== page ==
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UCSF Health Reaches 15,000 Robotic Surgeries

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Key Takeaways

  • UCSF Health has performed 15,000 robotically assisted minimally invasive surgeries, a first for a University of California health center.
  • Robotic surgeries at UCSF offer benefits like reduced pain, shorter recovery times, and lower infection risks compared to traditional methods.
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Mohamed Adam, MD

Mohamed Adam, MD

Gastrointestinal cancer surgeons at the UC San Francisco have performed the health system’s 15,000th robotically assisted minimally invasive surgery, making it the first University of California health center to reach this milestone. UCSF Health has the busiest robotic surgery program in the UC health system and is the leading academic medical institution for robotic surgeries in the western U.S.

The milestone surgery was a robotically assisted duodenal resection performed by Mohamed Adam, MD, a UCSF hepato-pancreato-biliary cancer surgeon who specializes in using minimally invasive robotic techniques. The patient was Elena Ceja, a 52-year-old woman with a gastrointestinal stromal tumor. Adam performed the surgery with the da Vinci Surgical System, in use for many robotic procedures at UCSF.

“With traditional open surgery, a resection of the third part of the duodenum can be very complicated and result in a prolonged hospital stay,” said Adam, assistant professor in UCSF’s Division of Hepatobiliary and Pancreatic Surgery. “The patient has difficulty eating and ends up staying in the hospital for several weeks because they need intravenous nutrition and time to heal from their incisions.”

Duodenal resection is a type of surgery for patients with cancer in their small intestine. While this procedure can be performed either traditionally or robotically, a robotic duodenal resection can be performed through a series of small incisions that result in less pain and scarring, a shorter recovery time and a lower risk of infection.

“Her tumor was close to the superior mesenteric artery and the superior mesenteric vein that feed and drain the bowel,” said Adam. “Accessing that area is very difficult and can be a very delicate surgery. Using the robot’s camera, I had a very clear view of the tumor, the colon and the surrounding tissue. It allowed me to make a smaller incision without putting retraction on the colon and tissue.”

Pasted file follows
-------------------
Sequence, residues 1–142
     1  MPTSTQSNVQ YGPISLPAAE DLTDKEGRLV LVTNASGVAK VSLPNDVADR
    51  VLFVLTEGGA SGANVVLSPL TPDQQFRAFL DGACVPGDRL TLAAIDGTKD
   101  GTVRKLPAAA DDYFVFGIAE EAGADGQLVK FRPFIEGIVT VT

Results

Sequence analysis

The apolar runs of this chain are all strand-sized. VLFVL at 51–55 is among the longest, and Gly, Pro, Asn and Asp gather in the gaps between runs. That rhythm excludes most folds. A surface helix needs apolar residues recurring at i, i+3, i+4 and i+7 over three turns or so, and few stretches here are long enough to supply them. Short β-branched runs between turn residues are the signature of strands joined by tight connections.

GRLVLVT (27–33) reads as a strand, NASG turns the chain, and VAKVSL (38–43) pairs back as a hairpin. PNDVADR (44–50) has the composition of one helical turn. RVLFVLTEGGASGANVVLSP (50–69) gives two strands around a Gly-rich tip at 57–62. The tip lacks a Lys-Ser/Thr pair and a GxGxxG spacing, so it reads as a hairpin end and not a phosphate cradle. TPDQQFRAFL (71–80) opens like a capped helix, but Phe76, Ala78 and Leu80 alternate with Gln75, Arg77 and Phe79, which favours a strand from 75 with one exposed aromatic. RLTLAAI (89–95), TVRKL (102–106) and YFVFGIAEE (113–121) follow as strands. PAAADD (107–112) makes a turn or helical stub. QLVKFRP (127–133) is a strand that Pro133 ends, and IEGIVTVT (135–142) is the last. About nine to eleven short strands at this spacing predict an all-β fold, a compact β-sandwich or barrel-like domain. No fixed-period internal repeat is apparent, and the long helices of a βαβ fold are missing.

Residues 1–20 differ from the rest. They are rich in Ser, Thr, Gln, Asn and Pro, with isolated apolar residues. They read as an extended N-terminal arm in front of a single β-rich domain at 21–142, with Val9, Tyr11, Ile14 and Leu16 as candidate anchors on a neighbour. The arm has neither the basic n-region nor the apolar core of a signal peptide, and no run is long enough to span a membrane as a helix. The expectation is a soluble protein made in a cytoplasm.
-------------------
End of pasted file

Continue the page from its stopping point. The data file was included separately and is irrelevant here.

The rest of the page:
Use of the robot during surgery improves visualization of the surgical field through 10 times magnification in 3D and enhances dexterity for manipulation and dissection of tissue with greater precision. While robotic instruments manipulate tissue, surgeons like Adam use the robotic surgical system to guide the robotic arms and movements of the surgical instruments.

In Ceja’s case, Adam was able to completely remove her tumor, and she was able to leave the hospital after five days. Since the surgery, Elena says she is feeling good, and her recovery is going well. Adam notes she is tumor free and will continue to be evaluated, but she will require no further treatment or surgery.

Embracing innovation with a range of robotically assisted surgeries

In addition to the robotically assisted duodenal surgery, Adam also has expertise in robotic pancreaticoduodenectomy, also known as the Whipple procedure, used to treat certain cancers of the pancreas and bile ducts.

These robotic surgeries, as well as a number of other robotic procedures, put UCSF surgeons in select company. Only a few facilities on the West Coast have the number of robots and robotically trained surgeons as UCSF Health. In 2023, UCSF surgeons performed more than 2,000 robotic procedures and the health system is on pace for 2,500 robotic procedures in 2024. With nine dedicated robotic operating rooms and 59 UCSF surgeons doing robotic procedures, UCSF Health has become the leader in innovation and minimally invasive surgery in San Francisco and the Bay Area.

“We were one of the first institutions in the western U.S. to do robotic surgery, and we stay very up-to-date and are always incorporating the latest robotic technologies,” said Johannes Kratz, MD, a thoracic surgeon and medical director of UCSF’s robotic surgery program. “We have been able to reach this milestone of 15,000 robotically assisted surgeries thanks to UCSF Health’s commitment to incorporating the latest advances in medicine to better the care of our patients.”

Robotic surgeries currently being performed at UCSF encompass a wide range of specialties and procedures, including removing cancerous tissue from the lungs, uterus, ovaries, colon, rectum, esophagus, bladder, prostate, head and neck, liver and pancreas. Other robotic surgeries are used for cardiac mitral valve repair, the treatment of uterine fibroids and endometriosis, female pelvic organ prolapse repairs, hernia repairs and bariatric surgery.

UCSF Health has also recently added a robotic donor nephrectomy program, a robotic sleeve gastrectomy program and an outpatient robotic surgery program. The health system has also added new single-port robots and robotic bronchoscopes.

“Our excellent outcomes in robotic surgery reflect the experience and excellence of our team,” said Kratz. “Robotic-assisted surgery is one of the minimally invasive surgical approaches we use to make medical care safer and recovery easier.”

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